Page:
By Charles Koenig
Within archaeology, and certainly in several of our blog posts, you will hear the term stratigraphy. So, what exactly do we mean by stratigraphy? Within any archaeological site there are different layers of stuff—artifacts, rocks, different kinds of dirt or sediment—and each of these layers may contain different things from the layers above or below it. We consider each layer to be a stratigraphic unit, or strat for short. In some cases these strats can be the result of human activity (e.g., making fires) or when a river floods and leaves behind a deposit of sand and clay. All things being equal, over time strats build upward and older strats are continuously covered by younger strats.
In other words, imagine a triple-decker cake as a substitute for an archaeological site. This cake has chocolate cake on the bottom, strawberry in the middle, and white cake on the top. Between each level of the cake are layers of frosting. When you cut into this hypothetical cake, you will be able to see all the different layers, and to an archaeologist each layer of this cake (e.g., the chocolate, strawberry, and white cake as well as the different frosting) can be considered a unique strat. Actually, archaeologists even refer to very distinct ideal layering within a site as “layer-cake stratigraphy” (a classic example of “layer-cake” stratigraphy from an archaeological site in the Lower Pecos is Arenosa Shelter, which you can learn more about here: www.texasbeyondhistory.net/arenosa).
When you study the different strats within the cake, you can start determining the order in which the cake was constructed. For example, the chocolate cake layer at the bottom is the oldest part of the cake, and then the strawberry frosting was spread on, and so on). As you study and record how the different cake and frosting layers were placed onto the cake, you begin to understand how the complete cake was created. Understanding how a site (or cake) formed is what archaeologists call site formation processes.
Now, to jump back to stratigraphy in Eagle Cave. One of the tragedies about Eagle Cave is when the University of Texas wrapped up their excavations in 1963, they left all of their excavation units open (as did the Witte Museum in 1936). Over the past 50 years all the walls have collapsed, but there are still large depressions where the units once were. When we (Steve and Charles) began writing the research design for Eagle Cave, we knew we would be able to take advantage of the existing units to expose any intact stratigraphy. However, we knew from previous excavations at Eagle Cave the stratigraphy is anything but layer-cake—dozens of thin, hard to see strats mixed in with thick, rocky strats all churned up by rodent burrows and human-dug pits—in short, extremely difficult stratigraphy to carefully document and understand. So, the big challenge became: once we expose the stratigraphy, how should we document and sample the complex layering within the site while minimizing the overall impact our project has on the remaining intact deposits?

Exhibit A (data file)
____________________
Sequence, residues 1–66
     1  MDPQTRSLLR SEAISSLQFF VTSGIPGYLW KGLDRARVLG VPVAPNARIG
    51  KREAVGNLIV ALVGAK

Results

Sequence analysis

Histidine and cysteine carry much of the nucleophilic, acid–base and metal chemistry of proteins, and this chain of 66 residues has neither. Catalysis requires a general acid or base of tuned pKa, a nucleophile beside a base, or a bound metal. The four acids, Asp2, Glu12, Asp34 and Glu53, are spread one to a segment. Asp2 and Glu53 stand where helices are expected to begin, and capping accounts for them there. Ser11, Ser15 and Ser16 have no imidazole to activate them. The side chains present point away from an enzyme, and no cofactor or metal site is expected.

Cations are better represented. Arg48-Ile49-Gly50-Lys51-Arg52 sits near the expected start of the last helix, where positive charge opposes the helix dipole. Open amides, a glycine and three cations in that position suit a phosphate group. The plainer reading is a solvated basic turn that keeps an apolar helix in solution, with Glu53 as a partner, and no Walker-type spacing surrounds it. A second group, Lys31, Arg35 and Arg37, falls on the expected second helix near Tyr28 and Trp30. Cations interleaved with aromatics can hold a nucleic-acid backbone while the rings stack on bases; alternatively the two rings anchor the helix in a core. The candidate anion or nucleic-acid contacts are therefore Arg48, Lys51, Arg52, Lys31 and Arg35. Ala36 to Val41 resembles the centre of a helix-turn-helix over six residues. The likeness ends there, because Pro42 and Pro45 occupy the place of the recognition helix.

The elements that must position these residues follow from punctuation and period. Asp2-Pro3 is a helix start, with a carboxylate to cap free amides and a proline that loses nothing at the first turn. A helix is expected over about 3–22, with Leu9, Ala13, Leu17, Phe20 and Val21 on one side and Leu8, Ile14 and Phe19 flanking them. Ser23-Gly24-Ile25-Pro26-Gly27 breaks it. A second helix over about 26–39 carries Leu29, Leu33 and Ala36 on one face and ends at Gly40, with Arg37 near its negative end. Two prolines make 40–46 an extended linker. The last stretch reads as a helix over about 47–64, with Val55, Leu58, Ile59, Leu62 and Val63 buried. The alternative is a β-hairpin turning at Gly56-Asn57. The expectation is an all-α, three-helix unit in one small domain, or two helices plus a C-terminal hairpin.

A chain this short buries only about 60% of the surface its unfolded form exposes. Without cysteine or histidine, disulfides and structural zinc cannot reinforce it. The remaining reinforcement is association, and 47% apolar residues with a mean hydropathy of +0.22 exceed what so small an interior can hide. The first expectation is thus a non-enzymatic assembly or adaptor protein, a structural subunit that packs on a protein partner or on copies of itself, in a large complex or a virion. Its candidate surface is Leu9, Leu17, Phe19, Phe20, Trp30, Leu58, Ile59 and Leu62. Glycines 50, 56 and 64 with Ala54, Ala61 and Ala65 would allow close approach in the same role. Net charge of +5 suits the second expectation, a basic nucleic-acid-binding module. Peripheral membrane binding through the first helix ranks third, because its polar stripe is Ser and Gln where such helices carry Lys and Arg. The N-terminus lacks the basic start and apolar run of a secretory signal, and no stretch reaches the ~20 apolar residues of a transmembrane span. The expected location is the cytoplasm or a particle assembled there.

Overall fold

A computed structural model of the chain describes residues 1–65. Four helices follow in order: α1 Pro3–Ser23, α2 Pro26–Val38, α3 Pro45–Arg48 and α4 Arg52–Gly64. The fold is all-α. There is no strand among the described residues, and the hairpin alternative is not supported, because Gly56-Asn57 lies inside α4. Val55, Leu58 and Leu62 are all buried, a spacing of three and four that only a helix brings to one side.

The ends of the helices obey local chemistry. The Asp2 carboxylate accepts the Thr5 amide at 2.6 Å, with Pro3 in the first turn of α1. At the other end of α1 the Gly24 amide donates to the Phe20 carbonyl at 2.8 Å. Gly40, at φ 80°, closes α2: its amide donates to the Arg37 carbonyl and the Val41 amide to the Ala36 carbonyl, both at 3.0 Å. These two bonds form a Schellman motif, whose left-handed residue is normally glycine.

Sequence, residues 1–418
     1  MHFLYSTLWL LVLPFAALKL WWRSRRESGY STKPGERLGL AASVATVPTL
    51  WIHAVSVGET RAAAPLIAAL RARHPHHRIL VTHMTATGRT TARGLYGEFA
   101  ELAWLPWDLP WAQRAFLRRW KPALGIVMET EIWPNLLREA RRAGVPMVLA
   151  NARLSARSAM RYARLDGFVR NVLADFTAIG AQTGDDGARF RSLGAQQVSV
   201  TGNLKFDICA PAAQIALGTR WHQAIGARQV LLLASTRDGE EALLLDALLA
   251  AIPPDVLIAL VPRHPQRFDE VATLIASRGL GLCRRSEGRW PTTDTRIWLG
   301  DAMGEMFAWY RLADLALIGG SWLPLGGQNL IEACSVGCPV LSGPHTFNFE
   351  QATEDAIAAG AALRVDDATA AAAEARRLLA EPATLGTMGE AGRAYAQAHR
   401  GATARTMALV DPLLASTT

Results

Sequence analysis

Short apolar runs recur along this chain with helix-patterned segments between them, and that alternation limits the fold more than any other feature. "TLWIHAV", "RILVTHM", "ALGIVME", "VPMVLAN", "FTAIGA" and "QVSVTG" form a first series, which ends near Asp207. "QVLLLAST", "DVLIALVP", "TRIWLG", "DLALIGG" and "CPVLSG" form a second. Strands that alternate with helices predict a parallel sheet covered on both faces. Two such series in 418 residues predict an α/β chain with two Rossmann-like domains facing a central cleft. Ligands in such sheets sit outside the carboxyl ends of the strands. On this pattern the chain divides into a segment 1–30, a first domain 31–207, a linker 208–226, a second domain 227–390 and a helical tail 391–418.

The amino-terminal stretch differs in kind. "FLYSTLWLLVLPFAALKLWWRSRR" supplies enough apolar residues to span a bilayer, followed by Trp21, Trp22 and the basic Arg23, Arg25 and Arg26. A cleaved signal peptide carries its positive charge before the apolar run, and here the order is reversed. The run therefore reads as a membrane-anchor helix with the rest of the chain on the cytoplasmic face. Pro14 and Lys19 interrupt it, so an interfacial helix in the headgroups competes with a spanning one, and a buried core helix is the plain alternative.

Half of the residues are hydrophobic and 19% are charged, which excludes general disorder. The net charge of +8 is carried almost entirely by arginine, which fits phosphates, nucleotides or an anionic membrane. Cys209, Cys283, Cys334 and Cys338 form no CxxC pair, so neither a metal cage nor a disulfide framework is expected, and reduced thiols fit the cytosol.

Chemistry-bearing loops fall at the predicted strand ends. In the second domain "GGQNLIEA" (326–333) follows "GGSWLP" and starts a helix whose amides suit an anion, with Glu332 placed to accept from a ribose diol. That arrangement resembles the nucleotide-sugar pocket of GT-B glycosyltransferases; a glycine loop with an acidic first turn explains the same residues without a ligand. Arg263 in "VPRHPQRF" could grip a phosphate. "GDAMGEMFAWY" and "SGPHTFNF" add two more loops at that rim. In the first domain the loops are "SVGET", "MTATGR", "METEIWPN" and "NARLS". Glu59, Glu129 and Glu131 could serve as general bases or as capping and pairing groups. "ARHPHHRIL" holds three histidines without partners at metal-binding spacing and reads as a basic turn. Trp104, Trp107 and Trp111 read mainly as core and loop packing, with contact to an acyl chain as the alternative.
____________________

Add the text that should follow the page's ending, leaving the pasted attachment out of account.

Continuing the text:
What we decided upon was to use a version of Steve’s Strat System from his work in Belize in the early 1980s, and came up with the motto, “Low Impact-High Resolution,” meaning we want to learn as much as we can while doing the least damage to the site. To go back to our layer-cake analogy, imagine you are a food critic and you have 10 of your closest food critic friends coming to sample every layer within the cake tomorrow. But, because the cake is so delicious you need to save enough cake for 10 more food critics to sample the cake every 50 years for the next 10,000 years (fortunately this hypothetical cake never rots).
Over the next 6 months (and likely on and off for several years) we will be documenting the stratigraphy of Eagle Cave at dozens of different spots. All of these exposures will be in areas which have been previously excavated or dug into by critters or artifact collectors so we are only damaging small portions of the intact stratigraphy. We are calling these Profile Sections.
Yesterday we documented and began to record our first profile section: PS001. The location of PS001 was selected because there was a large animal burrow and adjacent backdirt pile, and we could just make out what appeared to be intact stratigraphy above the burrow. The burrow angled downward into the deposits (and can be seen toward the bottom of the profile), but by cutting back only a few centimeters above the burrow we were able to expose ~60 cm tall profile section. We were very surprised to encounter intact stratigraphy only a few centimeters below the ground surface, so we are very encouraged to begin exposing and documenting additional Profile Sections.
Today we began documenting the different strats in PS001, but those descriptions are incomplete. When we begin our sampling we will likely take small matrix samples out of each identified strat, and screen the material through nested geologic sieves. We will then be able to coordinate with our collaborators (like Phil Dering and Charles Frederick, among others) to begin analyzing all the different material in each strat – sediment, plant parts, animal bones and so on. This is where High-Resolution comes into play. We want to systemically sample each strat individually so we can gain a more detailed understanding of when and how the site formed over time, how the site was used during different time periods, and use the data to address many other questions.
Feel free to check out the 3D PDF of PS001 at the Link below!